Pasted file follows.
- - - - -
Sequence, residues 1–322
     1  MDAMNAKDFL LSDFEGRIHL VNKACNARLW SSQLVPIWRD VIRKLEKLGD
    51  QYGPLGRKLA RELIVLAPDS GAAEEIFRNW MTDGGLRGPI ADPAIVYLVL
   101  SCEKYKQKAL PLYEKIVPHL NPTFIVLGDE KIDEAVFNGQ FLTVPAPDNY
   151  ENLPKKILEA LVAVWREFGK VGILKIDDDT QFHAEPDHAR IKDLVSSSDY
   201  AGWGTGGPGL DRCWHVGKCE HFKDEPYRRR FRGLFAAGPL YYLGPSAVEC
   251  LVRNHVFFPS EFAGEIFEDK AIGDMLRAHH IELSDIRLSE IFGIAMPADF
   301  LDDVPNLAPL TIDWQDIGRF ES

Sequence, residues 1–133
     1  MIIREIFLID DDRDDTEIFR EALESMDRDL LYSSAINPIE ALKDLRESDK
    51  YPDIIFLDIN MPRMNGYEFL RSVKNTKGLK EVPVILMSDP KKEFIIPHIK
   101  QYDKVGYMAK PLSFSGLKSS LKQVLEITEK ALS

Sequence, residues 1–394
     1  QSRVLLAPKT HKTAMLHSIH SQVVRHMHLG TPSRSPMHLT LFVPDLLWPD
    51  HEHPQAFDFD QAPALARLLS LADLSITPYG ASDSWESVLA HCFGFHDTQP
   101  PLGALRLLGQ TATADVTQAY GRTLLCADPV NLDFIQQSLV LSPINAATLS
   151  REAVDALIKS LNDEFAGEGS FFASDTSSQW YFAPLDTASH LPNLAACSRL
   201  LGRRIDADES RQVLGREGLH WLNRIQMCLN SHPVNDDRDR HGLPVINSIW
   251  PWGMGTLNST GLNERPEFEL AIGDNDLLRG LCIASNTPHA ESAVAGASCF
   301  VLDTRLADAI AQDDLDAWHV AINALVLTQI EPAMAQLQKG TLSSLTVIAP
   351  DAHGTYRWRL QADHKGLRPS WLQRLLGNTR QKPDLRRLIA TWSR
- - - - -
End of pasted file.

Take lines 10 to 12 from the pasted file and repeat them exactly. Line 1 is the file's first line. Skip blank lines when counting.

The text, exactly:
     1  MIIREIFLID DDRDDTEIFR EALESMDRDL LYSSAINPIE ALKDLRESDK
    51  YPDIIFLDIN MPRMNGYEFL RSVKNTKGLK EVPVILMSDP KKEFIIPHIK
   101  QYDKVGYMAK PLSFSGLKSS LKQVLEITEK ALS